• By The Financial District

Battery Electrolyte Made From Wood Offers Better Conductivity

Scientists have used cellulose derived from wood as the basis for a solid electrolyte which is paper-thin and can bend and flex to absorb stress as the battery cycles, thus offering an alternative to liquid electrolytes used in current lithium batteries.


Photo Insert: The study is a stepping stone to battery technology that could help break the energy-density bottleneck and enable electric cars and planes to travel much farther without charging.



One shortcoming of the electrolytes used in lithium batteries is that they contain volatile liquids that carry a risk of fire if the device short circuits and can promote the formation of tentacle-like growths called dendrites that compromise performance, Nick Lavars reported for New Atlas.


Solid electrolytes, meanwhile, can be made from non-flammable materials, make the device less prone to dendrite formation, and might open up entirely new possibilities around battery architecture. One of these possibilities relates to the anode, one of the two electrodes, which in today's batteries is made from a mix of graphite and copper.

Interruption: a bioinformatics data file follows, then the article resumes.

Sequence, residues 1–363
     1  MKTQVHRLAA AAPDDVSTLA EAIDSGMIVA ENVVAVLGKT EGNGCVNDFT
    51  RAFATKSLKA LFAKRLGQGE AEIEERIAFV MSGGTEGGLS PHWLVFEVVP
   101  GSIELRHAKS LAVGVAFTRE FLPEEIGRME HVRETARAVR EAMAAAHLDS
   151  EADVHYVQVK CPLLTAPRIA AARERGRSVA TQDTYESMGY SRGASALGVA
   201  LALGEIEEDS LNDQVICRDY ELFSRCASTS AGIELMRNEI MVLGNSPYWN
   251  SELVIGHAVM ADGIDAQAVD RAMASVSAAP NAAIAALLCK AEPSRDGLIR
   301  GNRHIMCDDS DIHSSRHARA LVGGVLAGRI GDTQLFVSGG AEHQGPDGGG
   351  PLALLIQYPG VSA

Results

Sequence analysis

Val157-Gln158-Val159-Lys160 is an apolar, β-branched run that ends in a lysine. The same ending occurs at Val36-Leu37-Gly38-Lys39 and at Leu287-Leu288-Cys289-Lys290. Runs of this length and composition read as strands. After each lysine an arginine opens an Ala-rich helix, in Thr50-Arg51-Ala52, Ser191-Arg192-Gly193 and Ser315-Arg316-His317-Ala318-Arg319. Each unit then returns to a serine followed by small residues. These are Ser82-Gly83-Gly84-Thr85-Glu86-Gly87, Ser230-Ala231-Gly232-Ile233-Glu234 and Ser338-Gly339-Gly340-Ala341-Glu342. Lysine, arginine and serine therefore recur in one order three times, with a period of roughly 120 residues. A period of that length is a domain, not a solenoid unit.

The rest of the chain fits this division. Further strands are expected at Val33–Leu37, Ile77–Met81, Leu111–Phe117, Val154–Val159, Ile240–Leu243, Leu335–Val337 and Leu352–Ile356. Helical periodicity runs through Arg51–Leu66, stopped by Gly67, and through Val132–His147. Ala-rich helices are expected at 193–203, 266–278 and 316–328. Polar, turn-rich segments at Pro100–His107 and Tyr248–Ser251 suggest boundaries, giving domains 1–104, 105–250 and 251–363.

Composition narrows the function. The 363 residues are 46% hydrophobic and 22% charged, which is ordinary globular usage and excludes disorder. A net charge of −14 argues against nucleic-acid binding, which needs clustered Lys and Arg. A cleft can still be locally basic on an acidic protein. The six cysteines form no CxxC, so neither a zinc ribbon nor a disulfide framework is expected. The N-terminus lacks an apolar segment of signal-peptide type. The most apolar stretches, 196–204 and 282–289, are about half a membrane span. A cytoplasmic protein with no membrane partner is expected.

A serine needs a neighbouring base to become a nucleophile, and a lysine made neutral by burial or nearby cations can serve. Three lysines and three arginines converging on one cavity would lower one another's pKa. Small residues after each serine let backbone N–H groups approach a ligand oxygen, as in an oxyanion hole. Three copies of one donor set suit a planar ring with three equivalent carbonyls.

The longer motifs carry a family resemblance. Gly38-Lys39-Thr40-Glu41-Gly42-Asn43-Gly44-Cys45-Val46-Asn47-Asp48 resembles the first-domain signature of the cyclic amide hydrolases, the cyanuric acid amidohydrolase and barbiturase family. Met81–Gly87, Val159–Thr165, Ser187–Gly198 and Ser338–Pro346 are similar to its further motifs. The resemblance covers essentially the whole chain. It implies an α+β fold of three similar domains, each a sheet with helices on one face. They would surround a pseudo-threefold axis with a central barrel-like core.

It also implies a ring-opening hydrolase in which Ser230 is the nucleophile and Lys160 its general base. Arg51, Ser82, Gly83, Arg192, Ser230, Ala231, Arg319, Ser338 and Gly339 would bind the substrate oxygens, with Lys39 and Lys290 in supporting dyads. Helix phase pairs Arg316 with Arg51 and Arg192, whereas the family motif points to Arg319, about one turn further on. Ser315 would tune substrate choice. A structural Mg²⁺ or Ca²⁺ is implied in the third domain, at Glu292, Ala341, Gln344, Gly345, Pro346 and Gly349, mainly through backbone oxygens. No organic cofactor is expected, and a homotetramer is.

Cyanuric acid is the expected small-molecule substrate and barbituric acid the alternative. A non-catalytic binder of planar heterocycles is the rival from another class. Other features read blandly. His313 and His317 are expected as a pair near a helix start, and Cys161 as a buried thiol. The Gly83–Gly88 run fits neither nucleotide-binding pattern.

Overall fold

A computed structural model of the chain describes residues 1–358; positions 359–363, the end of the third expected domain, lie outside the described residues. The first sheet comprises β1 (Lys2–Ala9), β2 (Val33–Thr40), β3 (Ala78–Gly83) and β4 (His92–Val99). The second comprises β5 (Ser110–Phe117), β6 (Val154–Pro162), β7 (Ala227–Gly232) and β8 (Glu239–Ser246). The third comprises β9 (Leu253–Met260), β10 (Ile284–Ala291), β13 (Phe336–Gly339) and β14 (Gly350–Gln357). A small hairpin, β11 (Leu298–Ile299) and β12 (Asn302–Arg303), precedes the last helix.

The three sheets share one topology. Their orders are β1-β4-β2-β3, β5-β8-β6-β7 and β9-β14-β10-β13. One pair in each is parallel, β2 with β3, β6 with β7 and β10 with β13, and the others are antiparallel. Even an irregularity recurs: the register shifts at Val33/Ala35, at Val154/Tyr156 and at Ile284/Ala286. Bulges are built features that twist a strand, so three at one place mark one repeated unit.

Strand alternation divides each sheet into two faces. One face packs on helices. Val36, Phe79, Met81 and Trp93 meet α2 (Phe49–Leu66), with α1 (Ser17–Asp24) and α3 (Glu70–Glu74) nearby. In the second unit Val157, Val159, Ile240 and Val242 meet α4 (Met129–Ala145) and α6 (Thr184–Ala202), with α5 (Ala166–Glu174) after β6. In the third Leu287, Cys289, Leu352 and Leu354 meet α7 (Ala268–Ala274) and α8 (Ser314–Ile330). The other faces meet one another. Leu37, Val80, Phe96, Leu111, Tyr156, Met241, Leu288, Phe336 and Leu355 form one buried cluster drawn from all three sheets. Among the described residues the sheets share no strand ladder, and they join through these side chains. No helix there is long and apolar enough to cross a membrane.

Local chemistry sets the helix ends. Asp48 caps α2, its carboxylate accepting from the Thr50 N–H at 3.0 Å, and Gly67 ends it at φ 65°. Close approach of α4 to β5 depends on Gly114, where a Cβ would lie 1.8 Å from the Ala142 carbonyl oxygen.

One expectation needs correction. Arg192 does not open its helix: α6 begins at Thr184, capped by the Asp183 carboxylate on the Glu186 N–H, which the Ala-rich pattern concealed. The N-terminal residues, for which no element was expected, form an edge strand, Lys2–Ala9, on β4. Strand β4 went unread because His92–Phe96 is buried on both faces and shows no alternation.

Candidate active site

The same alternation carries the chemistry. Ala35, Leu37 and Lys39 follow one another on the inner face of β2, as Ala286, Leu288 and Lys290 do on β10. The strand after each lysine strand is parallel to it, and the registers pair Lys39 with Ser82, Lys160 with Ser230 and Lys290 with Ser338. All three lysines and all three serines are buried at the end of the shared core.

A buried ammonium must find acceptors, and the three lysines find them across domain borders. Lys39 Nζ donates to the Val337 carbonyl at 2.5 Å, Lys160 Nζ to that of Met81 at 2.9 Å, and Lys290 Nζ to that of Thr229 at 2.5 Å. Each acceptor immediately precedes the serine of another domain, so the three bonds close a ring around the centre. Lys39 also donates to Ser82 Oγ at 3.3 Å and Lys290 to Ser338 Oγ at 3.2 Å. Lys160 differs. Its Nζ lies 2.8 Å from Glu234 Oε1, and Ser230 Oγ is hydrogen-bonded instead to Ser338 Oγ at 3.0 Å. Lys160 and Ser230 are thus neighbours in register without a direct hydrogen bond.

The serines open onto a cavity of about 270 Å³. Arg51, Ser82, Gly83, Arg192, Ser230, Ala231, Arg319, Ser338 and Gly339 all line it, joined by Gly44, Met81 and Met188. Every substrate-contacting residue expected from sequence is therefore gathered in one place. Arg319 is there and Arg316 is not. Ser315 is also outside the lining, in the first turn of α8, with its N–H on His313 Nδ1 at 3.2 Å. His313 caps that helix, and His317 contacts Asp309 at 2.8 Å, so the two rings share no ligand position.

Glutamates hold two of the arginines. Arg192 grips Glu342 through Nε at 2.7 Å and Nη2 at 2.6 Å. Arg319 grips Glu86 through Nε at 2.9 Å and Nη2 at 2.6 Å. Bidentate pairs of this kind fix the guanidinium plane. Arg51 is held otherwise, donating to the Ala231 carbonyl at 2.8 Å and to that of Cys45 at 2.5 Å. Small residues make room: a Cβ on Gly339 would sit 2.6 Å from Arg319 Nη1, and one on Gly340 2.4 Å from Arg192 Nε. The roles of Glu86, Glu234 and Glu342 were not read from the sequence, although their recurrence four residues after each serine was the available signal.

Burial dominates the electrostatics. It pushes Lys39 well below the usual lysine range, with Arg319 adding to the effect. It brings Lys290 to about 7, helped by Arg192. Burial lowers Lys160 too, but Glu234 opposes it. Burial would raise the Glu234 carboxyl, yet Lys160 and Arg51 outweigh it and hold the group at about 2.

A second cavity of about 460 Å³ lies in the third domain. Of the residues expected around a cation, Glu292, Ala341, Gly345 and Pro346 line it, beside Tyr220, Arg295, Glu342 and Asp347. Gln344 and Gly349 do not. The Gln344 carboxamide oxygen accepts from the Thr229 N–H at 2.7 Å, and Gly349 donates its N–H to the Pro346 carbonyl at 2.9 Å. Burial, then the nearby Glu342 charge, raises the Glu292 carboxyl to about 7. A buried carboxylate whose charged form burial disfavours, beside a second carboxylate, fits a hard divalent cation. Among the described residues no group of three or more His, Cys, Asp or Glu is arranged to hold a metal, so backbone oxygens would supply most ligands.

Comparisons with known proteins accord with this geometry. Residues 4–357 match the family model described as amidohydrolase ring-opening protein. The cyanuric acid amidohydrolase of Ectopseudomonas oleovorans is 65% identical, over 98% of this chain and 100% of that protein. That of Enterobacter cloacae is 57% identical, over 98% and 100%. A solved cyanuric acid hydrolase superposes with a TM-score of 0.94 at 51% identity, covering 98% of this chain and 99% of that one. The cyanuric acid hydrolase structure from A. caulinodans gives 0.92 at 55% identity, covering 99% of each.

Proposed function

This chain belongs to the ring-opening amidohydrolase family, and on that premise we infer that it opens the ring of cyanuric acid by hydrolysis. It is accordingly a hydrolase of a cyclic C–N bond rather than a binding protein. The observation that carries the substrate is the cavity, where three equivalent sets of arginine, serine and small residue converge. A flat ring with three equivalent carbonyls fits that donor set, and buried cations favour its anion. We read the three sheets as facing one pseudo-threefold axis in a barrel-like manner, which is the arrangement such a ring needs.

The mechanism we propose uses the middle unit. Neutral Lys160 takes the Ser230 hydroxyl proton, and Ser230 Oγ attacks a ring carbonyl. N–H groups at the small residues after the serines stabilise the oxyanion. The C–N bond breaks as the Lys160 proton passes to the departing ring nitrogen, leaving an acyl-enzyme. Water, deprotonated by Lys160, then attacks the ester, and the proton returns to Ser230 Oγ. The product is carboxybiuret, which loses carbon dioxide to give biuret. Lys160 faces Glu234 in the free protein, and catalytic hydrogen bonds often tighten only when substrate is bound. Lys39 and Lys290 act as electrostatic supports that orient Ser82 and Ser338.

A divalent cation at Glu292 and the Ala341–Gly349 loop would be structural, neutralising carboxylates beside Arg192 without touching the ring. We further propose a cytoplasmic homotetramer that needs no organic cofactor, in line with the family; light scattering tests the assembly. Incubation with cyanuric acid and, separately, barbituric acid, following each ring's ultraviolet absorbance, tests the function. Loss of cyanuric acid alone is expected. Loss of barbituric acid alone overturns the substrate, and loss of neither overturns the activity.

Some scientists see solid electrolytes as a key stepping stone to making batteries work with an anode made from pure lithium metal instead, which could help break the energy-density bottleneck and enable electric cars and planes to travel much farther without charging.


Many of the solid electrolytes developed so far have been made from ceramic materials, which are highly effective at conducting ions but don't stand up so well to stress during charging and discharging owing to their brittle nature.


All the news: Business man in suit and tie smiling and reading a newspaper near the financial district.

Scientists from Brown University and the University of Maryland sought an alternative to this and used cellulose nanofibrils found in wood as their starting point. These wood-derived polymer tubes were combined with copper to form a solid ion conductor boasting conductivity similar to ceramics and between 10 and 100 times better than other polymer ion conductors.


Science & technology: Scientist using a microscope in laboratory in the financial district.

According to the team, this is because the addition of copper creates space in between the cellulose polymer chains for "ion superhighways" to form, enabling the lithium ions to travel with record efficiency.



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